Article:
New Zealand’s renewable energy sector

  • Opinion

    31 October 2022

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New Zealand is committed to achieving 100 per cent renewable electricity by 2030 and reducing all greenhouse gases (except biogenic methane) to net zero by 2050. In addition to these targets, it is estimated that New Zealand will need increase its electricity supply by close to 70% by 2050 to meet domestic needs.

New Zealand has great impetus to supplement its existing renewable energy resources (these are primarily geothermal and hydropower at present). This has resulted in a strong pipeline of wind and solar power projects, currently in various stages of development throughout the country. In addition, the accelerated transition to a low emissions economy has prompted the exploration and advancement of progressive initiatives including the feasibility of specific Renewable Energy Zones (REZ), green hydrogen projects, offshore wind farm exploration and the proposed investment in ancillary infrastructure, such as the Lake Onslow battery scheme (a largescale pumped hydro proposal). This is coupled with significant regulatory reform intended to promote domestic and foreign investment in renewable energy and decarbonisation initiatives as part of New Zealand’s accelerated energy transition.

Regulatory reform: Creating the framework for transition

Significant changes to New Zealand’s regulatory environment are in motion that will impact the future consenting and land use framework within which low-emission and renewable energy projects are delivered. Key changes include:

  • The Government plans to repeal the Resource Management Act (1991) (RMA) and enact new laws to transform the way New Zealand manages its environment. It is anticipated that the existing RMA will be replaced by three separate Acts: the Natural and Built Environments Act (NBA); the Strategic Planning Bill; the Climate Adaptation Bill. The first of these, the NBA, is expected to be enacted in late 2022;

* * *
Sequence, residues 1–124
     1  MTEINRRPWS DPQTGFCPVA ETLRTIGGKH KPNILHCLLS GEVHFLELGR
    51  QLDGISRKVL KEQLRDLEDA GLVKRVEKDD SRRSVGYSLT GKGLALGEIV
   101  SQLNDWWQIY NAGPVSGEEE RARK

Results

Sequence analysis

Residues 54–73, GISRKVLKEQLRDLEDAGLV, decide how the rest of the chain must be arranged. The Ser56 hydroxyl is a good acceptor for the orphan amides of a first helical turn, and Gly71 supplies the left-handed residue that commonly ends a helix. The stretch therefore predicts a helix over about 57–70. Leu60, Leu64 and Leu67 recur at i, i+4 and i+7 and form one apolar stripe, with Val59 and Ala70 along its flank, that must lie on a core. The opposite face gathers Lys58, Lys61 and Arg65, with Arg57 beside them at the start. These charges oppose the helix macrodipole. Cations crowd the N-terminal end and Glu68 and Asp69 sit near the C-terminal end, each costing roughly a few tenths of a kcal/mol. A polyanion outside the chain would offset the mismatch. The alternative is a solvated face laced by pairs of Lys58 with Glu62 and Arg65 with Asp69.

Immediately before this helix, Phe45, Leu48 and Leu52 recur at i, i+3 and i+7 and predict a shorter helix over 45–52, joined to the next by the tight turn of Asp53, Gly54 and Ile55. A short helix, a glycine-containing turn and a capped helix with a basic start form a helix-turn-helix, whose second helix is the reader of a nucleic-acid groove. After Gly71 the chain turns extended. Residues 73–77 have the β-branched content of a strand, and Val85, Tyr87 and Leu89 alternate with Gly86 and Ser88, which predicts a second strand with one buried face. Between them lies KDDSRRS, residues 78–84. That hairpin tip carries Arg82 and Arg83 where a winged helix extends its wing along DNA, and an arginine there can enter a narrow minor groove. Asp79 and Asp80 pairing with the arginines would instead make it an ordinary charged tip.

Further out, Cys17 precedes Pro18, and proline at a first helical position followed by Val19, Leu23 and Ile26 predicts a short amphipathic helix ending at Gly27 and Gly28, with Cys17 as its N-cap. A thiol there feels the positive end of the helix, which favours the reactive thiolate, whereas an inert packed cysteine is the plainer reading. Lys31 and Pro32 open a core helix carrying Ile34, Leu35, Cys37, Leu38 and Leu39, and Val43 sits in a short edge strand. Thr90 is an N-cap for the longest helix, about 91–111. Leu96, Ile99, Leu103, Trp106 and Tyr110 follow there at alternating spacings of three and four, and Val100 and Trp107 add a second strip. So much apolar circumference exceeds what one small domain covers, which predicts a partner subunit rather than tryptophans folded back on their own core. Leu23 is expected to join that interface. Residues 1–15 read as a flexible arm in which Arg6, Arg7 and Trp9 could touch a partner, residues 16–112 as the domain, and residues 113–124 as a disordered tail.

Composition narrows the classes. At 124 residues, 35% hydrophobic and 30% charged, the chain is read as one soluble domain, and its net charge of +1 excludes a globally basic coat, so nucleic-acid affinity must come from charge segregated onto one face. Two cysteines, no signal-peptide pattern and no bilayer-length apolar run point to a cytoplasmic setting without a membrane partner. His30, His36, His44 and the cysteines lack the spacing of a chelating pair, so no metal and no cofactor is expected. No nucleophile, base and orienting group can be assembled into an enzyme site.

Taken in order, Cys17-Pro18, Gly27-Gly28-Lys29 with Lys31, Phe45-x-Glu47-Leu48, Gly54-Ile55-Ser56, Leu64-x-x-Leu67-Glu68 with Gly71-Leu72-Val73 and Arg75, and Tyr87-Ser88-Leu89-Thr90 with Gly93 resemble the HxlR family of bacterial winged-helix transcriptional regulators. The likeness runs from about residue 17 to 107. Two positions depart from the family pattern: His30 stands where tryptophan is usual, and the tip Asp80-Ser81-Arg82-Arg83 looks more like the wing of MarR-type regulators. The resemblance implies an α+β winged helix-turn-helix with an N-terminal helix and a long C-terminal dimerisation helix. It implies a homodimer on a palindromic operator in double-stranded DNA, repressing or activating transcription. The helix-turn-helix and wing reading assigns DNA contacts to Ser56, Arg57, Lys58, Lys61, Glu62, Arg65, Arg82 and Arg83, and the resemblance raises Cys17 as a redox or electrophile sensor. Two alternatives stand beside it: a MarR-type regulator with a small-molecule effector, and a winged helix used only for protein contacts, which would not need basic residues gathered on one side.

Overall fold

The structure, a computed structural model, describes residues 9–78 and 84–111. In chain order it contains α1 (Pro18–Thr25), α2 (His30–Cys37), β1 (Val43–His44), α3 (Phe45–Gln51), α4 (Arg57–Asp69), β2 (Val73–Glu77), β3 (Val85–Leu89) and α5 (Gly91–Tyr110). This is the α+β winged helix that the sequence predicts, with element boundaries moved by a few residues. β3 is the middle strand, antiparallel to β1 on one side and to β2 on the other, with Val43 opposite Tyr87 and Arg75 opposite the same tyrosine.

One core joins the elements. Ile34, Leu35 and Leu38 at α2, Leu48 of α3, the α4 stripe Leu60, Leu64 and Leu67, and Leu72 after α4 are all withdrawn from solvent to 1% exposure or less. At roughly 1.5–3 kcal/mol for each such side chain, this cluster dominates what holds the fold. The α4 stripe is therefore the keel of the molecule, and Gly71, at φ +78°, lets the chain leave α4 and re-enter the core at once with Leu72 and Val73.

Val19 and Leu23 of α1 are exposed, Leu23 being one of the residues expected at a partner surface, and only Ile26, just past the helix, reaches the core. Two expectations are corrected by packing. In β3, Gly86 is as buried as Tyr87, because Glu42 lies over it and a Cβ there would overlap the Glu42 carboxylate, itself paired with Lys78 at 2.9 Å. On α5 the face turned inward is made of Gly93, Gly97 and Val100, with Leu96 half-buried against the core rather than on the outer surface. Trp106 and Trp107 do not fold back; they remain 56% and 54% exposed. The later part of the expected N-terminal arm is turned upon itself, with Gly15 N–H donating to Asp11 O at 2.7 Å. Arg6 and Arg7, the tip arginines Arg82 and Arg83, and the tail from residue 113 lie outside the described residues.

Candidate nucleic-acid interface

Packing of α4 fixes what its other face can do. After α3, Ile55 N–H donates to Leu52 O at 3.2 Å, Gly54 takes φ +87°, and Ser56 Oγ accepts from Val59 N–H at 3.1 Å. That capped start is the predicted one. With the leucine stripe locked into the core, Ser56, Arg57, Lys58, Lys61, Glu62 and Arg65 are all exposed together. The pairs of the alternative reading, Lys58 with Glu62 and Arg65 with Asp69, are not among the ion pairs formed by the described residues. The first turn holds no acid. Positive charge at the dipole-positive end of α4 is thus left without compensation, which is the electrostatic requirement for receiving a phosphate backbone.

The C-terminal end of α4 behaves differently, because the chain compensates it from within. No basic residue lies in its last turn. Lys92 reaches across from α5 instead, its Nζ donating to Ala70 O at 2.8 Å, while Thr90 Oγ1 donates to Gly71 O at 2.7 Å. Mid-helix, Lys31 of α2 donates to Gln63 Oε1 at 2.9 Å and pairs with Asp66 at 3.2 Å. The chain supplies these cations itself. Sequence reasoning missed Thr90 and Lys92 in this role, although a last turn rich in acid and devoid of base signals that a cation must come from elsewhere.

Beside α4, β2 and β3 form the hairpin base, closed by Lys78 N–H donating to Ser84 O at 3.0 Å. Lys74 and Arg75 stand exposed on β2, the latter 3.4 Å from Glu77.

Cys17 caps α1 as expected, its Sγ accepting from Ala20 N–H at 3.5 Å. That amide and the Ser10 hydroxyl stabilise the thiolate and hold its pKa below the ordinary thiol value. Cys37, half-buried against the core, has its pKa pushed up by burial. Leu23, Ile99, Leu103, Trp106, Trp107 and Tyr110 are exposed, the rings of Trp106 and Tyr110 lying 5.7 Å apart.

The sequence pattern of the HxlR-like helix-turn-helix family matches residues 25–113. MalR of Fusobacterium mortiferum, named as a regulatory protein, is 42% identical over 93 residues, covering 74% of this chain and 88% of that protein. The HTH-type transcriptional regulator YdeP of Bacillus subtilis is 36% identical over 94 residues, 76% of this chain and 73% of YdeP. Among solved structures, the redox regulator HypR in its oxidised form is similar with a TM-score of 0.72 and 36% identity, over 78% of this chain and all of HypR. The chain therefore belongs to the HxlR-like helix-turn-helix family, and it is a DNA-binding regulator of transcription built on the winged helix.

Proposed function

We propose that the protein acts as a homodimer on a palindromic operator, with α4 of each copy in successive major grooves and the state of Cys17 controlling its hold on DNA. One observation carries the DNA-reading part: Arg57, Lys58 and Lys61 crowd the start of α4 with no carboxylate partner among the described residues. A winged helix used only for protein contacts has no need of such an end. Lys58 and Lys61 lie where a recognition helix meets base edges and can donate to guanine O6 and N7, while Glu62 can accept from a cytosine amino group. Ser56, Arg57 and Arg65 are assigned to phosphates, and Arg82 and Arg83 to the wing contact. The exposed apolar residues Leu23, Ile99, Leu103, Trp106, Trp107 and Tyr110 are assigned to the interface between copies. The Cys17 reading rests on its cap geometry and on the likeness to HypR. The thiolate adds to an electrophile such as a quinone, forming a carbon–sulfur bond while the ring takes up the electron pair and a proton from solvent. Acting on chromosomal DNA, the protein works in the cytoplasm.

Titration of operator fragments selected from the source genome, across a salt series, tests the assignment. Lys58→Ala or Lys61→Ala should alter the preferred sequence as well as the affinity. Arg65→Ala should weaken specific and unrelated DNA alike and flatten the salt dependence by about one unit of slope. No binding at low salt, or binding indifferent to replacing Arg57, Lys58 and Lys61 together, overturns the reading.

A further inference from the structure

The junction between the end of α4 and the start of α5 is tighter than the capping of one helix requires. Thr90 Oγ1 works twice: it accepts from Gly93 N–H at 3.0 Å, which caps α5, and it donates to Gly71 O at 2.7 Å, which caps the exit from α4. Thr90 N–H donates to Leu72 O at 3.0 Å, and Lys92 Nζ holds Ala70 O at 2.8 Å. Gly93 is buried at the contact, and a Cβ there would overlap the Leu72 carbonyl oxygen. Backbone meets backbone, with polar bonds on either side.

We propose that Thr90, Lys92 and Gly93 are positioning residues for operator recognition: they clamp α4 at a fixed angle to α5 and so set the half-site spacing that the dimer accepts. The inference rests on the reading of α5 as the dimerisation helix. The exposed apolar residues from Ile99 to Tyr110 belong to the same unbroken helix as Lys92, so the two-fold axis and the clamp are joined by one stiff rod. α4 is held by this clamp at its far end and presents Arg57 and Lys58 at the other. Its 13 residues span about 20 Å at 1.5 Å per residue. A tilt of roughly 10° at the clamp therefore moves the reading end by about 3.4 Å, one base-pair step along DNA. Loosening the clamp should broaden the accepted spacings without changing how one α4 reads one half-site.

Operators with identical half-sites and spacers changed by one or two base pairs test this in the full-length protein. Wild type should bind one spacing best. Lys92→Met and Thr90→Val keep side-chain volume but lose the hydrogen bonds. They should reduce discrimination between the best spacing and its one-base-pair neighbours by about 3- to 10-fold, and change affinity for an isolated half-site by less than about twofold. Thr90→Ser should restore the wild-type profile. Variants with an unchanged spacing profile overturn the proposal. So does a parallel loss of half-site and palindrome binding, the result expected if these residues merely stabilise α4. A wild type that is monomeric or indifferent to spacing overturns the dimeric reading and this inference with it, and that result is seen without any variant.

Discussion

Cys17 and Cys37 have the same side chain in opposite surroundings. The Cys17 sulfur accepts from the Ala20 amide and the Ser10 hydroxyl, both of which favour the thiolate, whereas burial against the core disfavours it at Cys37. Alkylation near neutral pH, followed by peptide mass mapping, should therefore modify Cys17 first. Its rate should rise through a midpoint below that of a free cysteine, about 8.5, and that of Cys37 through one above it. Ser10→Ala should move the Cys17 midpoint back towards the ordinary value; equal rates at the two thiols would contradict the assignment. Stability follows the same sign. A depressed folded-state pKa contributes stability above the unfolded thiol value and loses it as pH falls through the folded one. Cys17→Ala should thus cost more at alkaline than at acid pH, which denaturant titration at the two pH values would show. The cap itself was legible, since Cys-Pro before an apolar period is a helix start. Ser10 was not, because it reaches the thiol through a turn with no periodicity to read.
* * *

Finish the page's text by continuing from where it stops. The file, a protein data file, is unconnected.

• The Electricity Authority (which controls pricing in the New Zealand energy market) has recently decided to adopt a new “benefit-based” transmission pricing methodology in order to assist with the transition to a low-emissions economy by ensuring the best use of existing and future infrastructure to achieve better pricing for consumers;
  • The Government has announced that it is developing a proposed regulatory framework for offshore wind farm development and licensing, with legislation anticipated to be in force by late 2024; and
  • Reforming the Overseas Investment Act 2005 (OIA) and Overseas Investment Office (OIO) which govern foreign direct investment in New Zealand. The OIA has been subject to significant reforms in recent years, all of which are relevant to foreign entities seeking to develop or invest in New Zealand’s renewable energy sector.

A world-class regulatory framework is crucial to providing clear and timely processes for consenting new renewable energy projects in New Zealand. Effectively navigating this new framework will be key to the delivery of successful projects.

Challenges: The “dry year” scenario

New Zealand has an abundance of natural wind energy potential with average wind speeds that exceed most other countries. Significant opportunities also exist to increase geothermal and solar energy generation.